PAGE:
Socialist Federal Republic of Yugoslavia Cetinje 1967 July 7 – July 13  Soviet Union [10]
10  Soviet Union Moscow 1968 July 5 – July 18  East Germany [10]
11  Romania Bucharest 1969 July 5 – July 20  Hungary [10]
12  Hungary Keszthely 1970 July 8 – July 22  Hungary [10]
13  Czechoslovakia Žilina 1971 July 10 – July 21  Hungary [10]
14  Poland Toruń 1972 July 5 – July 17  Soviet Union [10]
15  Soviet Union Moscow 1973 July 5 – July 16  Soviet Union [10]
16  East Germany Erfurt and East Berlin 1974 July 4 – July 17  Soviet Union [10]
17  Bulgaria Burgas and Sofia 1975 July 3 – July 16  Hungary [10]
18  Austria Lienz 1976 July 2 – July 21  Soviet Union [10]
19  Socialist Federal Republic of Yugoslavia Belgrade 1977 July 1 – July 13  United States [10]
20  Romania Bucharest 1978 July 3 – July 10  Romania [10]
21  United Kingdom London 1979 June 30 – July 9  Soviet Union [10]
  The 1980 IMO was due to be held in Mongolia. It was cancelled, and split into two unofficial events in Europe.[1]
22  United States Washington, D.C. 1981 July 8 – July 20  United States [10]
23  Hungary Budapest 1982 July 5 – July 14  West Germany [10]
24  France Paris 1983 July 3 – July 12  West Germany [10]
25  Czechoslovakia Prague 1984 June 29 – July 10  Soviet Union [10]
26  Finland Joutsa 1985 June 29 – July 11  Romania [10]
27  Poland Warsaw 1986 July 4 – July 15  Soviet Union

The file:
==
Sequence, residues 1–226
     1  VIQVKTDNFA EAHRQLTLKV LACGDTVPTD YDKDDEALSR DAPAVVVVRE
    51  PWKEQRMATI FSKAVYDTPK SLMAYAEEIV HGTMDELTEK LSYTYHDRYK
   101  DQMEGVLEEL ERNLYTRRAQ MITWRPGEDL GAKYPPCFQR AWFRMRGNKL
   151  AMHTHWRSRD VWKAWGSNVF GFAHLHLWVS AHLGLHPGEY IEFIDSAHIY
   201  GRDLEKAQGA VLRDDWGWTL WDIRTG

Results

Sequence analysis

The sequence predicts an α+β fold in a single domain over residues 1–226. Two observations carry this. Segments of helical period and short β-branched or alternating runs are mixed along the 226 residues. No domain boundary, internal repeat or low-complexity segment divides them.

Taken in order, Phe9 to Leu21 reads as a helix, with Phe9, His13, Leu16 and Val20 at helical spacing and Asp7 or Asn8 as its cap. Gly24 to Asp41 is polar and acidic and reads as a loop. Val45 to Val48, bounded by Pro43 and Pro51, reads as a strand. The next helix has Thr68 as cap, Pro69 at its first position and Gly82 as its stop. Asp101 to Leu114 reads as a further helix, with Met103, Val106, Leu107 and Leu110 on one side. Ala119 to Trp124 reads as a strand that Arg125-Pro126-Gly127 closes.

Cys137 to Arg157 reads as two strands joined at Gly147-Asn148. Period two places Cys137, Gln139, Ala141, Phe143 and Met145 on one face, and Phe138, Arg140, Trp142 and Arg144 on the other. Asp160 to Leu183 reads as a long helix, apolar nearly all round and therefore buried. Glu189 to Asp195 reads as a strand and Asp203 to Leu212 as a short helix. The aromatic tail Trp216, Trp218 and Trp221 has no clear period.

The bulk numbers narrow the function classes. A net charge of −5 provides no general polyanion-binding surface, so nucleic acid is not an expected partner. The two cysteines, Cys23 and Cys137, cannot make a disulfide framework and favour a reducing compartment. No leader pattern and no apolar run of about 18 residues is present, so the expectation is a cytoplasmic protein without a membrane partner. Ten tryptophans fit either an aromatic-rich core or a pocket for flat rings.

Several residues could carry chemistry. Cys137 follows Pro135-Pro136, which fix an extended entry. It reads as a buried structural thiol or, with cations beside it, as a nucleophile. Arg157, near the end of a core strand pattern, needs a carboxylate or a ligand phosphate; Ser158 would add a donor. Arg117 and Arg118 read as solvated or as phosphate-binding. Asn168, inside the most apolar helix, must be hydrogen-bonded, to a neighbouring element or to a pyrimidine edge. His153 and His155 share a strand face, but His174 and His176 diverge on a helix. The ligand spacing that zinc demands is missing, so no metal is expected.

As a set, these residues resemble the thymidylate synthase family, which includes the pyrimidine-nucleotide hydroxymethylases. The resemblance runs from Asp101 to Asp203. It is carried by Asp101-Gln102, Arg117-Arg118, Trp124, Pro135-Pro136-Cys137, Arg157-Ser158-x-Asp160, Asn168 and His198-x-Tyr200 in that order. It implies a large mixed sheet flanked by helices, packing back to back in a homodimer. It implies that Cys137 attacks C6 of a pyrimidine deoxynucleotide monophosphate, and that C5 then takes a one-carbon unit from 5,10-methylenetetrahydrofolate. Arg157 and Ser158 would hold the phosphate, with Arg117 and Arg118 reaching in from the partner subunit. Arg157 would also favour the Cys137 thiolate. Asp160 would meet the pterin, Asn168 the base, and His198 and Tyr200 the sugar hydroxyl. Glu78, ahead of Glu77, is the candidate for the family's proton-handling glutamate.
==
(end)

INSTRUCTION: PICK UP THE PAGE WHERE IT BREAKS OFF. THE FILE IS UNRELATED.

United States
[10]
28  Cuba Havana 1987 July 5 – July 16  Romania [10]
29  Australia Sydney and Canberra 1988 July 9 – July 21  Soviet Union [10]
30  West Germany Braunschweig 1989 July 13 – July 24  China [10]
31  China Beijing 1990 July 8 – July 19  China [10]
32  Sweden Sigtuna 1991 July 12 – July 23  Soviet Union [10][n 1]
33  Russia Moscow 1992 July 10 – July 21  China [10]
34  Turkey Istanbul 1993 July 13 – July 24  China [10]
35  Hong Kong Hong Kong[n 2] 1994 July 8 – July 20  United States [10]
36  Canada Toronto 1995 July 13 – July 25  China [11]
37  India Bombay 1996 July 5 – July 17  Romania [12]
38  Argentina Mar del Plata 1997 July 18 – July 31  China [13]
39  Taiwan Taipei 1998 July 10 – July 21  Iran [14]
40  Romania Bucharest 1999 July 10 – July 22  China
 Russia
[15]
41  South Korea Daejeon 2000 July 13 – July 25  China [16]
42  United States Washington, D.C. 2001 July 1 – July 14  China [17]
43  United Kingdom Glasgow 2002 July 19 – July 30  China [18]
44  Japan Tokyo 2003 July 7 – July 19  Bulgaria [19]
45  Greece Athens 2004 July 6 – July 18  China [20]
46  Mexico Mérida 2005 July 8 – July 19  China [21]
47  Slovenia Ljubljana 2006 July 6 – July 18  China [22]
48  Vietnam Hanoi 2007 July 19 – July 31  Russia [23]
49  Spain Madrid 2008 July 10 – July 22  China [24]
50  Germany Bremen 2009 July 10 – July 22  China [25]
51  Kazakhstan Astana 2010 July 2 – July 14  China [26]
52  Netherlands Amsterdam 2011 July 13 – July 24  China [27]
53  Argentina Mar del Plata 2012 July 4 – July 16  South Korea [28]